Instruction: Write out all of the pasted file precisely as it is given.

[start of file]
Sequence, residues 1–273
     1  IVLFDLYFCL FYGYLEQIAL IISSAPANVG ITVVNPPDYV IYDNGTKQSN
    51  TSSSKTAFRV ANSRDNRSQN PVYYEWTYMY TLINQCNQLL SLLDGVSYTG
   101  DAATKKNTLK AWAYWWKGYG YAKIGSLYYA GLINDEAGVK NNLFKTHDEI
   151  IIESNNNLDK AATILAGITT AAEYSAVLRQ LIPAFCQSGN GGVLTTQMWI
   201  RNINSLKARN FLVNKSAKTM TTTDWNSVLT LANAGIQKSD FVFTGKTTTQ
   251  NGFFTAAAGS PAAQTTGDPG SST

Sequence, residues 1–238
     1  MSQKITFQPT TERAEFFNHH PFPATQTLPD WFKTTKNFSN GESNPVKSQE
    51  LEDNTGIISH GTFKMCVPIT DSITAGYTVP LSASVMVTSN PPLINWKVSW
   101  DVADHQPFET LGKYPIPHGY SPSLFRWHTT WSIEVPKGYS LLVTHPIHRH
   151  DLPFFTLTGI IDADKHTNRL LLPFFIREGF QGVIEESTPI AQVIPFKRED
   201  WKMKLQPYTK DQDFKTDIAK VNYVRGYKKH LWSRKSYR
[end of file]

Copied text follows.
Sequence, residues 1–273
     1  IVLFDLYFCL FYGYLEQIAL IISSAPANVG ITVVNPPDYV IYDNGTKQSN
    51  TSSSKTAFRV ANSRDNRSQN PVYYEWTYMY TLINQCNQLL SLLDGVSYTG
   101  DAATKKNTLK AWAYWWKGYG YAKIGSLYYA GLINDEAGVK NNLFKTHDEI
   151  IIESNNNLDK AATILAGITT AAEYSAVLRQ LIPAFCQSGN GGVLTTQMWI
   201  RNINSLKARN FLVNKSAKTM TTTDWNSVLT LANAGIQKSD FVFTGKTTTQ
   251  NGFFTAAAGS PAAQTTGDPG SST

Sequence, residues 1–238
     1  MSQKITFQPT TERAEFFNHH PFPATQTLPD WFKTTKNFSN GESNPVKSQE
    51  LEDNTGIISH GTFKMCVPIT DSITAGYTVP LSASVMVTSN PPLINWKVSW
   101  DVADHQPFET LGKYPIPHGY SPSLFRWHTT WSIEVPKGYS LLVTHPIHRH
   151  DLPFFTLTGI IDADKHTNRL LLPFFIREGF QGVIEESTPI AQVIPFKRED
   201  WKMKLQPYTK DQDFKTDIAK VNYVRGYKKH LWSRKSYR